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Insulin maintains whole body blood glucose homeostasis, in part, by regulating the amount of the GLUT4 glucose transporter on the cell surface of fat and muscle cells. Insulin induces the redistribution of GLUT4 from intracellular compartments to the plasma membrane, by stimulating a large increase in exocytosis and a smaller inhibition of endocytosis. A considerable amount is known about the molecular events of insulin signaling and the complex itinerary of GLUT4 trafficking, but less is known about how insulin signaling is transmitted to GLUT4 trafficking. Here, we show that the AS160 RabGAP, a substrate of Akt, is required for insulin stimulation of GLUT4 exocytosis. A dominant-inhibitory mutant of AS160 blocks insulin stimulation of exocytosis at a step before the fusion of GLUT4-containing vesicles with the plasma membrane. This mutant, however, does not block insulin-induced inhibition of GLUT4 endocytosis. These data support a model in which insulin signaling to the exocytosis machinery (AS160 dependent) is distinct from its signaling to the internalization machinery (AS160 independent).
Insulin controls glucose uptake into fat and muscle cells by acutely regulating the amount of the GLUT4 glucose transporter on the plasma membrane (Bryant et al., 2002 ). In basal adipocytes, GLUT4 is retained by a multistep process involving slow exocytosis and rapid endocytosis (Holman et al., 1994 ; Yeh et al., 1995 ; Karylowski et al., 2004 ). The intracellular trafficking route taken by GLUT4 is specialized, with IRAP, a transmembrane aminopeptidase of unknown physiological function, the only other protein known to traffic by the same pathway (Ross et al., 1997 ; Garza and Birnbaum, 2000 ). The intracellular itinerary of GLUT4 is complex, with GLUT4 rapidly cycling directly between endosomes that contain the TR and a specialized intracellular compartment that contains IRAP but excludes the TR (Martin et al., 2000 ; Zeigerer et al., 2002 ; Karylowski et al., 2004 ). Insulin increases GLUT4 exocytosis and partially inhibits its internalization, resulting in a net redistribution of GLUT4 to the plasma membrane.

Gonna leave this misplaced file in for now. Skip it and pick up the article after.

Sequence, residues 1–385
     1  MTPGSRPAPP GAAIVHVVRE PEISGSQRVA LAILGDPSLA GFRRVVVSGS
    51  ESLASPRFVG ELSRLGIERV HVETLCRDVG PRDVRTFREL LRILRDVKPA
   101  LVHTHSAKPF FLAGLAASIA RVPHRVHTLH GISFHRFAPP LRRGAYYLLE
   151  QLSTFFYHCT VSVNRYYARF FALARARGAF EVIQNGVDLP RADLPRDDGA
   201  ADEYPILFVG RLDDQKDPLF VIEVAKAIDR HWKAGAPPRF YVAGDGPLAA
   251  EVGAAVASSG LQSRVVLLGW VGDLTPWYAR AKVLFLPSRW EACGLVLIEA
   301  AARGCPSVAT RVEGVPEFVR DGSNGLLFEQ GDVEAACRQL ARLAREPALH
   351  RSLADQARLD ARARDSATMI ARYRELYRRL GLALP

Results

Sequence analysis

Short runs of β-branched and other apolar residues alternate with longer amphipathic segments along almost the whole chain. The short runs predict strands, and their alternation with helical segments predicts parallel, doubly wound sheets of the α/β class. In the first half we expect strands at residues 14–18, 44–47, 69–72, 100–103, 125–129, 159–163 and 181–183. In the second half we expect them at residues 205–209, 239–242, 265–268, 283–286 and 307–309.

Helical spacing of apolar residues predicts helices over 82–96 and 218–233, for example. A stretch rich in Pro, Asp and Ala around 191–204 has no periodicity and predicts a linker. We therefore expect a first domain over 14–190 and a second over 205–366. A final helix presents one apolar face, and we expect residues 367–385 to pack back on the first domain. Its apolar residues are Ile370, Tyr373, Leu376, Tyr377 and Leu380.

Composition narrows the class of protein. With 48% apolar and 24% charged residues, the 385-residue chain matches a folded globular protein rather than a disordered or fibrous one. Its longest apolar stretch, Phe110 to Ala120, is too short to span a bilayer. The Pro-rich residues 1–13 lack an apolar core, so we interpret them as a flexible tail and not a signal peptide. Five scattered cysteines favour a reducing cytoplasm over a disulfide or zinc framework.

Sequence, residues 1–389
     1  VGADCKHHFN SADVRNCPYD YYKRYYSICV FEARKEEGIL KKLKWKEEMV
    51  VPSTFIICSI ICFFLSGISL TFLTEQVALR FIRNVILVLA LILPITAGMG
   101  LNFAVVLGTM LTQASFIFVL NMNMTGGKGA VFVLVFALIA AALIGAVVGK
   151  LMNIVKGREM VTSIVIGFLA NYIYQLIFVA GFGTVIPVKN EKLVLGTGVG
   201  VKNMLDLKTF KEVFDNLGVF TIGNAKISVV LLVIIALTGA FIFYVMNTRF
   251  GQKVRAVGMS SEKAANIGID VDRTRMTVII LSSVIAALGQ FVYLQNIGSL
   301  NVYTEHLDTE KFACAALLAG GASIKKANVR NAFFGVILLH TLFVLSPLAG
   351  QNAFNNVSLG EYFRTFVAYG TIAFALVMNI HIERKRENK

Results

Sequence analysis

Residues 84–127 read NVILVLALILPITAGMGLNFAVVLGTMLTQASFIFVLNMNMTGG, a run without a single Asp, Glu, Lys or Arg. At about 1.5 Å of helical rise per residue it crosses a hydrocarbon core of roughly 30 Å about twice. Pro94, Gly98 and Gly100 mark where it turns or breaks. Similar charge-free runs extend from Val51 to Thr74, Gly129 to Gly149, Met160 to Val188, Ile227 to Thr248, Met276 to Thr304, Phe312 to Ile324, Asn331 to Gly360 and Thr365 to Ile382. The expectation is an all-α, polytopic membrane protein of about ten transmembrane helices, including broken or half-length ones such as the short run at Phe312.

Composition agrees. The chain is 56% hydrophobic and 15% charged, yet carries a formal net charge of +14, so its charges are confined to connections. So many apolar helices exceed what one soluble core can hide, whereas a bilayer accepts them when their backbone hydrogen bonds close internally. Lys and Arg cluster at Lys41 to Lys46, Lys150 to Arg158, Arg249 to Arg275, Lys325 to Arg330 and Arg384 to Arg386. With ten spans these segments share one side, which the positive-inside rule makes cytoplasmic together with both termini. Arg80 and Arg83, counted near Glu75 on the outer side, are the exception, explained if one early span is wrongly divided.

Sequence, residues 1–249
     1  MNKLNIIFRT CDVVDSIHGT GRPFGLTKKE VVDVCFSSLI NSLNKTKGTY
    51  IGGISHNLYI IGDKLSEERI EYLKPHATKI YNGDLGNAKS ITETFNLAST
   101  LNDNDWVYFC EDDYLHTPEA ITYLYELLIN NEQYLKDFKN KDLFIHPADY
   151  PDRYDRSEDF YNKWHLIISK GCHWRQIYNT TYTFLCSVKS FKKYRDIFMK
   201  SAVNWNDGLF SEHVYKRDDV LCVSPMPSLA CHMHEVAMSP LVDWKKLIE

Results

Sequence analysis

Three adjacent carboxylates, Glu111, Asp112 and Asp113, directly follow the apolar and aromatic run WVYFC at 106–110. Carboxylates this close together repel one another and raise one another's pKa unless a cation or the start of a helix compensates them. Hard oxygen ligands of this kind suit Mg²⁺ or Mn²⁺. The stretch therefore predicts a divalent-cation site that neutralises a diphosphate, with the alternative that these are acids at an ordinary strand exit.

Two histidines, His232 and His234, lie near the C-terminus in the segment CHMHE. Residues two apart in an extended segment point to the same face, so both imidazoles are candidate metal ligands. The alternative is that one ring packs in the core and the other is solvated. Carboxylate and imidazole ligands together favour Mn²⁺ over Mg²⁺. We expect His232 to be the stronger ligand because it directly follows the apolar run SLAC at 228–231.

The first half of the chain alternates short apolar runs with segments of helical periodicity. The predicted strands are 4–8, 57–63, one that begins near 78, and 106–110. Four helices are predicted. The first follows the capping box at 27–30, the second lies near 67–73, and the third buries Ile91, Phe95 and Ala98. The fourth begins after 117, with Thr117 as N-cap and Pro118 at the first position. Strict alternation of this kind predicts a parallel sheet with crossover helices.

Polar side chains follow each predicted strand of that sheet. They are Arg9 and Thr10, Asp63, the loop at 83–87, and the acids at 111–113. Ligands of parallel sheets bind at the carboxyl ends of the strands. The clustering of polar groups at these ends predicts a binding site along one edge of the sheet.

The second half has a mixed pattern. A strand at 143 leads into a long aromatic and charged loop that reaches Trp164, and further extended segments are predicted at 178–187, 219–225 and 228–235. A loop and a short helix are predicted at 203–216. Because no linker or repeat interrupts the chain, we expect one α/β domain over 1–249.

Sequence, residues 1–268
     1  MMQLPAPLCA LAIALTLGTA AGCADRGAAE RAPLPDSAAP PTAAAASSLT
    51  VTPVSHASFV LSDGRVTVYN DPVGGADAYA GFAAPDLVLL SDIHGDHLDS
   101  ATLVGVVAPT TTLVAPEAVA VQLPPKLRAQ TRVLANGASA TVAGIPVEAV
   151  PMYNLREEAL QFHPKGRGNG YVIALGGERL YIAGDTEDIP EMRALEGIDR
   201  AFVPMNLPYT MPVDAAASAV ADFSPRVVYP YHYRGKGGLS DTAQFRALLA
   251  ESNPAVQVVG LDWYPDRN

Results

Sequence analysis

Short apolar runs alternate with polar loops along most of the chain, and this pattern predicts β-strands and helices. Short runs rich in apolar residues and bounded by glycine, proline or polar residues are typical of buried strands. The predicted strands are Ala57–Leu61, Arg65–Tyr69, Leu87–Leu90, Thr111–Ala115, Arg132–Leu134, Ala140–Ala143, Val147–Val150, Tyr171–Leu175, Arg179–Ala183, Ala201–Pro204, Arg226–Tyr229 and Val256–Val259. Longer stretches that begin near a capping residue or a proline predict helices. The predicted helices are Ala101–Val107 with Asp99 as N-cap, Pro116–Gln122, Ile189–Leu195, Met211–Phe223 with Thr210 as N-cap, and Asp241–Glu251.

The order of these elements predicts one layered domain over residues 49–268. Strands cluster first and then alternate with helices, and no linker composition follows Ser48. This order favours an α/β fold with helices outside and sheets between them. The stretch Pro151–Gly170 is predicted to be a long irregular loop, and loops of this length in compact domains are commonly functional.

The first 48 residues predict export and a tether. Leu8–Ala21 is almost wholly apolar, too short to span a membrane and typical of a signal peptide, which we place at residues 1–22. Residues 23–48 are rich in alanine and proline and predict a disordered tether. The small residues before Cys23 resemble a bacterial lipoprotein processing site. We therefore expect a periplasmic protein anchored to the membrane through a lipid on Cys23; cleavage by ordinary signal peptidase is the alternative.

The precise mechanism by which insulin signals to GLUT4 trafficking is not known (Saltiel and Pessin, 2002 ). One crucial step is insulin activation of the class Ia phosphoinositide (PI) 3-kinase (Hausdorff et al., 1999 ). The lipid products of PI 3-kinase activate the phosphoinositide-dependent protein kinase 1, which in turn activates the serine/theronine kinase Akt (protein kinase B). Inhibition of Akt activity with interfering antibodies, substrate peptides, dominant-negative mutants, or knockdown by small interfering RNA inhibit GLUT4 redistribution to the cell surface (Kohn et al., 1998 ; Hill et al., 1999 ; Jiang et al., 2003 ). Analysis of adipocytes lacking Akt-2 supports a prominent role for Akt in insulin regulation of GLUT4 translocation (Bae et al., 2003 ). Constitutively active Akt induces a translocation of GLUT4 to the cell surface, suggesting that activation of Akt is sufficient for insulin's effect on glucose uptake (Kohn et al., 1996 ; Foran et al., 1999 ).
A substrate of Akt has been identified that may provide a link between insulin signaling and GLUT4 trafficking. This protein, AS160, which has a GAP homology domain, is phosphorylated by Akt in response to insulin (Kane et al., 2002 ). GAP proteins are involved in regulating the GTP/GDP cycle of the Rab protein family, GTPases that regulate numerous membrane trafficking processes (Deneka et al., 2003 ). AS160-4P, a construct in which four of the six potential Akt phosphorylation sites have been mutated, partially inhibits insulin-induced GLUT4 redistribution to the surface of adipocytes (Sano et al., 2003 ). AS160-4P mutated in the arginine predicted to be essential for AS160 GAP activity, does not inhibit GLUT4 translocation, providing evidence that phosphorylation of AS160 inactivates the GAP activity and that the inhibition of GAP activity is required for translocation. To date, the Rab protein regulated by AS160-GAP has not been identified.